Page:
Photo Credit: Jewish Press

The Mishnah (Megillah 2:1) states, “One who reads the megillah l’mafrei’a has not fulfilled his obligation.” The word “l’mafrei’a” is normally translated as “backwards” – i.e., not in the correct order. But it can also mean “in the past.” Accordingly, the Baal Shem Tov said: When we read the megillah as a historical tale of the past that isn’t relevant to us today, we have not fulfilled our obligation.

This teaching can better be understood in light of the Arizal’s comment on Esther 9:28 (“And these days shall be remembered and celebrated [literally, “done”] in every generation”). The Arizal said: When these days are properly remembered to the extent that we endeavor to re-experience the original events and miracles, the original Divine revelations responsible for those miracles recur again.

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The truth is that on the anniversary of any great miracle, we arouse the Divine revelations responsible for the original miracle if we remember the events to the extent of re-experiencing them – hence the sentence in the Haggadah, “In every generation, a person is obligated to view himself as if he himself left Egypt.” But since the above-quoted verse appears in Megillas Esther, the teaching derived from it must be especially relevant to Purim.

How so? Because the story of the megillah is told in past tense – “And it happened in the days of Achashverosh…” – and a person may therefore not connect it to his own life. A little reflection, however, should reveal that our situation today closely parallels that of our ancestors. For example, just as Jews then were “one nation, scattered among the nations,” so are we today.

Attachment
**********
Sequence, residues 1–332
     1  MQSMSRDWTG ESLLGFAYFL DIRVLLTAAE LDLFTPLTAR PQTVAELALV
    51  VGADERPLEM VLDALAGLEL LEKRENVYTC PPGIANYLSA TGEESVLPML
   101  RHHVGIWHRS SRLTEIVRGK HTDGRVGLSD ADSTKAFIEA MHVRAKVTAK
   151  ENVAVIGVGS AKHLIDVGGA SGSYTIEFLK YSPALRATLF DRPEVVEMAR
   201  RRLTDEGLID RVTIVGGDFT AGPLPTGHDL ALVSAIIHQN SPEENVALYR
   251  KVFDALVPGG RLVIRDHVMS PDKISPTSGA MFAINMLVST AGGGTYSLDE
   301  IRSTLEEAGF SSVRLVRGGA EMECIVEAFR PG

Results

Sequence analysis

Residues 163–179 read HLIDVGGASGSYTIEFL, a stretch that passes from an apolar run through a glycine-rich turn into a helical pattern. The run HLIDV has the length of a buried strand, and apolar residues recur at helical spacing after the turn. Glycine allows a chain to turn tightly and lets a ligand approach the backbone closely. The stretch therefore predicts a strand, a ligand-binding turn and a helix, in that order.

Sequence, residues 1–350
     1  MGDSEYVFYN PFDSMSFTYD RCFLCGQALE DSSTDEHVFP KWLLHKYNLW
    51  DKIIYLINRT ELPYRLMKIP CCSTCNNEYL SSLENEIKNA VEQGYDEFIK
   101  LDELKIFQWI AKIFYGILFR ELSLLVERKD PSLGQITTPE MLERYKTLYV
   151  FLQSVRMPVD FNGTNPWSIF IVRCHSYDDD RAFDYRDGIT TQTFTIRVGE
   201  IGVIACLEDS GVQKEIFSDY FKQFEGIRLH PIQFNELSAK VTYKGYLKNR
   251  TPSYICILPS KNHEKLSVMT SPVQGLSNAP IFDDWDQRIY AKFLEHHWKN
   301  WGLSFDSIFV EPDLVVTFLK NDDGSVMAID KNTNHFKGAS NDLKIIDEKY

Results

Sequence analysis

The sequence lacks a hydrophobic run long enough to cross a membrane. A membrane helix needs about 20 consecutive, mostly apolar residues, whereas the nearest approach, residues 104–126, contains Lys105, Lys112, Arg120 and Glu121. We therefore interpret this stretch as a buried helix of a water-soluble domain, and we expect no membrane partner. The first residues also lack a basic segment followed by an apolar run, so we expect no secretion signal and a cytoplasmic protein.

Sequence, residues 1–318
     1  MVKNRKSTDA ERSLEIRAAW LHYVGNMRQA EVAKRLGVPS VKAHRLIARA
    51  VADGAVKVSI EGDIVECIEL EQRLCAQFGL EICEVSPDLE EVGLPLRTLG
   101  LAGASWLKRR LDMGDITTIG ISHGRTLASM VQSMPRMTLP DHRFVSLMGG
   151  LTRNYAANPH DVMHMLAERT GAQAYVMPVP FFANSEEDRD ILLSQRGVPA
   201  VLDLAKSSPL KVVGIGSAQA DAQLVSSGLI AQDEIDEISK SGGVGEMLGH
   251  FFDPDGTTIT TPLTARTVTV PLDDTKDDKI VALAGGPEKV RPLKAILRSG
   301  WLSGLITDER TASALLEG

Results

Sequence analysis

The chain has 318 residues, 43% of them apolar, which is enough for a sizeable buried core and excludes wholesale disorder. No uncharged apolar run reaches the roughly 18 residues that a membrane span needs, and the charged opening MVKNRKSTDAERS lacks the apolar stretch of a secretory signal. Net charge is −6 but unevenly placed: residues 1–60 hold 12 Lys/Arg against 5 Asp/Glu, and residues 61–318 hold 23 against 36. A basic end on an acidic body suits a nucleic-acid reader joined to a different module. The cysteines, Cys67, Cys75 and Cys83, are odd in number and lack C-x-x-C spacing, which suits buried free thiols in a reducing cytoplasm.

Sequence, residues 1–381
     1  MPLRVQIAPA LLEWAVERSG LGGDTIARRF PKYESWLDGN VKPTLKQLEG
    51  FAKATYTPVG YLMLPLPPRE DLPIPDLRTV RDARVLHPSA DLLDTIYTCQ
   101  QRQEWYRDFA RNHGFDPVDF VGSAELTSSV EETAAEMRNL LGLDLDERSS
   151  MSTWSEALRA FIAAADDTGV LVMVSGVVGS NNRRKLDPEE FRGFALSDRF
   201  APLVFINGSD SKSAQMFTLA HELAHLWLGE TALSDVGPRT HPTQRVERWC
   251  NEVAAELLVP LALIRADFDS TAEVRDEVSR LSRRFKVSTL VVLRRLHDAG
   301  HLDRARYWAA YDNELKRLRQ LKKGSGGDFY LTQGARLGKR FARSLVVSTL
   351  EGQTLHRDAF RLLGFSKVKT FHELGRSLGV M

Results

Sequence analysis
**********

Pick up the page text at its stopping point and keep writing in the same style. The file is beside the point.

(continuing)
This description even applies to Jews living in the Holy Land. Despite all their “independence,” they are largely subject to the whims and control – directly or indirectly – of non-Jewish powers and even the land’s non-Jewish residents. And just like 2,500 years ago, wicked men wish to annihilate us and would if G-d didn’t interfere to save us (as the Haggadah states).

The only difference is that, in those days, everyone saw the Divine miracle as it was happening, whereas today we need to be reminded that such miracles happen constantly, for “the one to whom the miracle occurs does not recognize his miracle” (Niddah 31a).

A primary lesson of Purim, then, is to relive the vital awareness that Hashem is protecting His people in exile, “scattered among the nations.” This protection depends greatly on our being, as the same verse says, “one nation…[with] laws…different than those of every nation.” In other words, it is Jewish unity – expressed through love and concern for all our brethren throughout the world – and faithful observance of the Torah – distinguishing us from other nations – that especially evokes Divine compassion and protection.

The necessity to relive and re-experience the events and miracles of Purim applies to both men and women. And children must be educated to re-experience them too. By learning about challenges experienced by Jews in past eras and how – with Hashem’s help and miracles – they overcame them and survived to perpetuate the Jewish people and its unique, G-d-given way of life, even young children become inspired and gain the fortitude to follow their ancestors’ example.

Thus, reliving and learning the lessons of the past equips our children with the tools they need to cope with all the trials and vicissitudes that life presents every Jew. And they empower them to prepare the world to greet Moshiach very soon.

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Rabbi Shmuel M. Butman is director of the central Lubavitch Youth Organization and a weekly columnist for The Jewish Press.